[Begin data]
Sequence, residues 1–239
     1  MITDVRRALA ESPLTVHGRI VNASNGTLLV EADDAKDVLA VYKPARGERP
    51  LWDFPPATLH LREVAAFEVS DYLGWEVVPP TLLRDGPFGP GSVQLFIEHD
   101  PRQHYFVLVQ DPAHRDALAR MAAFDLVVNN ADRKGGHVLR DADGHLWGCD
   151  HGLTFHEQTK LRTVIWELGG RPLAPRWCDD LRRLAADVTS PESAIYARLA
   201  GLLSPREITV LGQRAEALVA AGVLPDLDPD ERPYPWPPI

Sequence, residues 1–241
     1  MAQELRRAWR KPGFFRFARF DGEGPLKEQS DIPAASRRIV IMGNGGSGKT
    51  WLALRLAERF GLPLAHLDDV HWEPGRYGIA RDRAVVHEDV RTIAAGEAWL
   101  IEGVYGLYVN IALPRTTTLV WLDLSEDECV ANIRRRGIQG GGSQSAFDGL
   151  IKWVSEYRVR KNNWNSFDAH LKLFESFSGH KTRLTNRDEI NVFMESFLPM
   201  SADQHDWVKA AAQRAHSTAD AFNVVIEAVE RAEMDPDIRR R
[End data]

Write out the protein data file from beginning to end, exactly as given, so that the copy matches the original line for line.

Sequence, residues 1–239
     1  MITDVRRALA ESPLTVHGRI VNASNGTLLV EADDAKDVLA VYKPARGERP
    51  LWDFPPATLH LREVAAFEVS DYLGWEVVPP TLLRDGPFGP GSVQLFIEHD
   101  PRQHYFVLVQ DPAHRDALAR MAAFDLVVNN ADRKGGHVLR DADGHLWGCD
   151  HGLTFHEQTK LRTVIWELGG RPLAPRWCDD LRRLAADVTS PESAIYARLA
   201  GLLSPREITV LGQRAEALVA AGVLPDLDPD ERPYPWPPI

Sequence, residues 1–241
     1  MAQELRRAWR KPGFFRFARF DGEGPLKEQS DIPAASRRIV IMGNGGSGKT
    51  WLALRLAERF GLPLAHLDDV HWEPGRYGIA RDRAVVHEDV RTIAAGEAWL
   101  IEGVYGLYVN IALPRTTTLV WLDLSEDECV ANIRRRGIQG GGSQSAFDGL
   151  IKWVSEYRVR KNNWNSFDAH LKLFESFSGH KTRLTNRDEI NVFMESFLPM
   201  SADQHDWVKA AAQRAHSTAD AFNVVIEAVE RAEMDPDIRR R